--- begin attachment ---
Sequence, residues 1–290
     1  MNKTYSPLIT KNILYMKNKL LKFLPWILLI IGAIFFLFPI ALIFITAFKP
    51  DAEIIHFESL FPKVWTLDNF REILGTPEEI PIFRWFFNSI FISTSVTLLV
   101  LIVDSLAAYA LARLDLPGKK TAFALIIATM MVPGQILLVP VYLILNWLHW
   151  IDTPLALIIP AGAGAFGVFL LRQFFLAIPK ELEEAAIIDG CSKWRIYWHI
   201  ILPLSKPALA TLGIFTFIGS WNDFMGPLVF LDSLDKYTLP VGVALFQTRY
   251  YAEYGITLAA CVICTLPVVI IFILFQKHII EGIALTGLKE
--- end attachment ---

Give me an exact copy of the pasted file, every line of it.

Sequence, residues 1–290
     1  MNKTYSPLIT KNILYMKNKL LKFLPWILLI IGAIFFLFPI ALIFITAFKP
    51  DAEIIHFESL FPKVWTLDNF REILGTPEEI PIFRWFFNSI FISTSVTLLV
   101  LIVDSLAAYA LARLDLPGKK TAFALIIATM MVPGQILLVP VYLILNWLHW
   151  IDTPLALIIP AGAGAFGVFL LRQFFLAIPK ELEEAAIIDG CSKWRIYWHI
   201  ILPLSKPALA TLGIFTFIGS WNDFMGPLVF LDSLDKYTLP VGVALFQTRY
   251  YAEYGITLAA CVICTLPVVI IFILFQKHII EGIALTGLKE